Response to “Wind farm development in Illinois, elsewhere likely to slow in 2013”: Dexter Gauntlett, an analyst, said the wind industry will persist because 31 states have alternative energy requirements for utilities, although it will be expensive without the tax credit.
What that means is that the user will have to pay for the actual cost of wind energy up front instead of having the cost hidden by the tax credit. However, the user would have to pay higher taxes later on to pay for the cost of the tax credit. If the alternative energy requirement is allowed to remain in Illinois, electricity prices will skyrocket.
It will be insulting to the users when assistance is afforded to individuals who cannot purchase expensive electricity, yet our politicians refuse to eliminate the alternative energy requirement.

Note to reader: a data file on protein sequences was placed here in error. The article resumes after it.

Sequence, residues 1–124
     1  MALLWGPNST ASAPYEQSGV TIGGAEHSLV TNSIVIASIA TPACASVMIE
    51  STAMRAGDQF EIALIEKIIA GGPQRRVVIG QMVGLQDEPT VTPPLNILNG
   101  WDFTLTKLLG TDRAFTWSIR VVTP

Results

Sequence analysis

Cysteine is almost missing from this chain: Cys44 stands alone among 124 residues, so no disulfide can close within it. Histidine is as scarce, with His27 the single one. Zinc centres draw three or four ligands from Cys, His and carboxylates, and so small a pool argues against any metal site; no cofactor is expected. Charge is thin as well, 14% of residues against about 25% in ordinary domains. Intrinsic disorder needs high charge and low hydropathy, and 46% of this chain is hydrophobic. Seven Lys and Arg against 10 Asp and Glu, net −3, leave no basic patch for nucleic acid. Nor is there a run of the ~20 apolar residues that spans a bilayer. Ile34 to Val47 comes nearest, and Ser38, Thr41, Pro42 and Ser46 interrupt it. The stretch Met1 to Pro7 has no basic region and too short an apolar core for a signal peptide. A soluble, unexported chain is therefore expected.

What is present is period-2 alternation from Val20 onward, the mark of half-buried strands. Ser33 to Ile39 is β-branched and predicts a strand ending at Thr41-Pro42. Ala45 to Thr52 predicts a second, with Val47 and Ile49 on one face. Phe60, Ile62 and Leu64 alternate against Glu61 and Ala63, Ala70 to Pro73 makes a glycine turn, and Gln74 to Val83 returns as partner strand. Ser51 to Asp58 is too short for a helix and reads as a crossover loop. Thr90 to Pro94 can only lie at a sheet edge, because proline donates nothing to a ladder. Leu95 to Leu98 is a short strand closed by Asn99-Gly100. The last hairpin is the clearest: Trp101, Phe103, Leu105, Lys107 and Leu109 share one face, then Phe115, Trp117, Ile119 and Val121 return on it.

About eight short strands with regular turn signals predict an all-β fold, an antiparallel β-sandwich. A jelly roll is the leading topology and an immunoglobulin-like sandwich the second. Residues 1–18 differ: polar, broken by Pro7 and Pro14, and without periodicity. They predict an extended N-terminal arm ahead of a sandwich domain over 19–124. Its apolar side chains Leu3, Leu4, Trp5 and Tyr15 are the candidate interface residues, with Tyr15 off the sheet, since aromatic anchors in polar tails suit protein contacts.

Kevin Borgia, an advocate, said opposition to the extension of the tax credit arose because the credit expires every three years. When would Mr. Borgia allow it to expire? The tax credit was temporary when it was enacted by Congress 20 years ago.
With wind energy, the United States spends the most money for the least amount of energy. What we have gotten for it is $12 billion of debt a year with 3 percent of electricity generated.
— Aaron Funfsinn, Durand
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